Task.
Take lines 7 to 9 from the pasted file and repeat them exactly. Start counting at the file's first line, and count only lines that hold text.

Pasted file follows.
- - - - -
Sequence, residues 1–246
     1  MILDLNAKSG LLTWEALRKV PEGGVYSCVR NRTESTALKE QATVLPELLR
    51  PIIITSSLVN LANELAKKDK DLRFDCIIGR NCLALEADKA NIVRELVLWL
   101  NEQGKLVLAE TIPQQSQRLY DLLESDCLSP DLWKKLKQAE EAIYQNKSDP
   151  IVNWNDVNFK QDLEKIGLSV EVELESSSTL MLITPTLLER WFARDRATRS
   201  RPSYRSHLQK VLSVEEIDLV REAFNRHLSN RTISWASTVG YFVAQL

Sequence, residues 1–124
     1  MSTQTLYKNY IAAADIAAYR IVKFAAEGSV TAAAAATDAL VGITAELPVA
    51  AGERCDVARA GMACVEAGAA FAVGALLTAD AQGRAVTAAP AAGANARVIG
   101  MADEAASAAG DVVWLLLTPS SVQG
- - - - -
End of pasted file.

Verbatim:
Sequence, residues 1–124
     1  MSTQTLYKNY IAAADIAAYR IVKFAAEGSV TAAAAATDAL VGITAELPVA
    51  AGERCDVARA GMACVEAGAA FAVGALLTAD AQGRAVTAAP AAGANARVIG